Saturn's moon Enceladus, covered in snow and ice, resembles a perfectly packed snowball in this image from NASA's Cassini mission. Cassini has imaged Enceladus many times throughout its mission, discovering a fractured surface and the now-famous geysers that erupt icy particles and water vapor from fractures crossing the moons' 200-mile-wide (300-kilometer-wide) south polar terrain.
The mountain ridge seen in the south in this image is part of the undulating mountain belt that circumscribes this region.
See PIA11685 to learn more about the surface of Enceladus. See Bursting at the Seams to learn about the jets of water ice emanating from the moon's south polar region.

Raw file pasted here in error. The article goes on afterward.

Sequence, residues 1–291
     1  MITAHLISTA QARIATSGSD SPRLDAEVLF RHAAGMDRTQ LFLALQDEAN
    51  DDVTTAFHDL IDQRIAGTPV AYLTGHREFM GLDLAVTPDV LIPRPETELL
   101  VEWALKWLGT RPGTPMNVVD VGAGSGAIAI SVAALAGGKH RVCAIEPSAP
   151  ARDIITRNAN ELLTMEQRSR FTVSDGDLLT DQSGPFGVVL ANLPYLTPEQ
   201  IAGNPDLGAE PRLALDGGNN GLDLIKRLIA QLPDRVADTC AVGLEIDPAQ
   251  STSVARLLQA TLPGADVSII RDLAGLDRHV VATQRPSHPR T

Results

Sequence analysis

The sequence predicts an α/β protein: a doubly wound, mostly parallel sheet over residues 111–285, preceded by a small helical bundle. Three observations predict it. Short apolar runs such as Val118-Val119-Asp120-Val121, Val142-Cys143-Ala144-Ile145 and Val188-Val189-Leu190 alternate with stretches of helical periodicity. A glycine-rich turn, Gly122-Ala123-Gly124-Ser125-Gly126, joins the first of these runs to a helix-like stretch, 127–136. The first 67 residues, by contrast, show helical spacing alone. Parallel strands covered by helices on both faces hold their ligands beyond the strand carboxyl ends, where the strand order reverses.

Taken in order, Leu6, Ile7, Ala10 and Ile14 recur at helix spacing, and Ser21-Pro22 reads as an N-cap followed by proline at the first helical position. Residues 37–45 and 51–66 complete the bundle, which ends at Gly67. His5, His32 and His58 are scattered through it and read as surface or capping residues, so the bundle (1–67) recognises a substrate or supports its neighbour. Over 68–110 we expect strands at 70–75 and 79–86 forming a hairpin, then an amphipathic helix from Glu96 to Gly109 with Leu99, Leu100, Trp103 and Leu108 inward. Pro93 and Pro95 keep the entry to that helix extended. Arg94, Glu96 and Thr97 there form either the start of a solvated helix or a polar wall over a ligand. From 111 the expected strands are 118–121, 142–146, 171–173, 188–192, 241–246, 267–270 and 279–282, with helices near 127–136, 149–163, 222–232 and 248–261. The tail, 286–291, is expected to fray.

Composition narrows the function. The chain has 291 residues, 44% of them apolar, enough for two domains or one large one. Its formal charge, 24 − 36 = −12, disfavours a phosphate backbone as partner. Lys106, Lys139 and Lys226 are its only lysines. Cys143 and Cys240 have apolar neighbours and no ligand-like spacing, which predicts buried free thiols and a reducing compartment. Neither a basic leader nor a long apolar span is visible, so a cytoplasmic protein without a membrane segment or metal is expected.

This view looks toward the leading side of Enceladus (313 miles, 504 kilometers across). North on Enceladus is up and rotated 6 degrees to the left. The image was taken with the Cassini spacecraft narrow-angle camera on March 10, 2012, using filters sensitive to ultraviolet, visible and infrared light (spanning wavelengths from 338 to 750 nanometers).
The view was acquired at a distance of approximately 106,000 miles (170,000 kilometers) from Enceladus. Image scale is 3,336 feet (1 kilometer) per pixel.
The Cassini-Huygens mission is a cooperative project of NASA, the European Space Agency and the Italian Space Agency. The Jet Propulsion Laboratory, a division of the California Institute of Technology in Pasadena, manages the mission for NASA's Science Mission Directorate in Washington. The Cassini orbiter and its two onboard cameras were designed, developed and assembled at JPL. The imaging team is based at the Space Science Institute, Boulder, Colo.
Credit: NASA/JPL-Caltech/Space Science Institute